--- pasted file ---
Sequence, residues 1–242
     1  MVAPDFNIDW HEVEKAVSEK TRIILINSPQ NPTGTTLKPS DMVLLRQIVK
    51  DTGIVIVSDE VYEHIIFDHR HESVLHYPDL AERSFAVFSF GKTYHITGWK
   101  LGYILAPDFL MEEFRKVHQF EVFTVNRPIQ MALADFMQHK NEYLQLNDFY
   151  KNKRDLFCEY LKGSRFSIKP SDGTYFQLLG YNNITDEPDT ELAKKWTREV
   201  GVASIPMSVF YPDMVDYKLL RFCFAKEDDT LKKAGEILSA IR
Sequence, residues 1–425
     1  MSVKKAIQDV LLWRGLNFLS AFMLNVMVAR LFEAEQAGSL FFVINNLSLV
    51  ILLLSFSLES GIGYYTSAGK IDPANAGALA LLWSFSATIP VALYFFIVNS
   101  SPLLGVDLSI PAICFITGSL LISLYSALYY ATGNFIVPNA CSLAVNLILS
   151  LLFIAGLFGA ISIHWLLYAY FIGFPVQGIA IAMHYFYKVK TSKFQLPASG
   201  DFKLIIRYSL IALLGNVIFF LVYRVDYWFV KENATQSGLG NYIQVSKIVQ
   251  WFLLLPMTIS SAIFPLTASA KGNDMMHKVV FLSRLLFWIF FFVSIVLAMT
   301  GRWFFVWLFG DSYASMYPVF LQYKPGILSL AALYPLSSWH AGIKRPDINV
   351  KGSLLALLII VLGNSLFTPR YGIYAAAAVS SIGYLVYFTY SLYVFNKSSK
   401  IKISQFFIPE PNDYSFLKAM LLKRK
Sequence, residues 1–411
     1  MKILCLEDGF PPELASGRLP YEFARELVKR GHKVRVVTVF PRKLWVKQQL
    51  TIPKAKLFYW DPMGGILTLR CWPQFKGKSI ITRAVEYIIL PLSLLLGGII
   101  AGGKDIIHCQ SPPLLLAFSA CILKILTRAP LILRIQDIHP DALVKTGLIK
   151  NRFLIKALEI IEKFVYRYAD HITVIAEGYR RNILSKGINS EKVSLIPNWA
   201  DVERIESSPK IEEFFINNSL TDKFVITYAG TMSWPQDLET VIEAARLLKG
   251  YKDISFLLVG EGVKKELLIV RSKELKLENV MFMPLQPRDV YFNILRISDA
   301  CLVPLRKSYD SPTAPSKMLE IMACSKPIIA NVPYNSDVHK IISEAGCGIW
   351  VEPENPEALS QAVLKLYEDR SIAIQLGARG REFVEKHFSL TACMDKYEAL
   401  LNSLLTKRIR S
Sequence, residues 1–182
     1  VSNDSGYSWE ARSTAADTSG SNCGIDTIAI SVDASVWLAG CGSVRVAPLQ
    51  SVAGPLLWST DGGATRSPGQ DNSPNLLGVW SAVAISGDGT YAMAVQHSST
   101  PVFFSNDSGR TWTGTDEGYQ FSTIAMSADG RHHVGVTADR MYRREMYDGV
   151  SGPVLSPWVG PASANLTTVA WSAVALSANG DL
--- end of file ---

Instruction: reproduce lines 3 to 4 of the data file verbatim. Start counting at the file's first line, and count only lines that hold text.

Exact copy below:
    51  DTGIVIVSDE VYEHIIFDHR HESVLHYPDL AERSFAVFSF GKTYHITGWK
   101  LGYILAPDFL MEEFRKVHQF EVFTVNRPIQ MALADFMQHK NEYLQLNDFY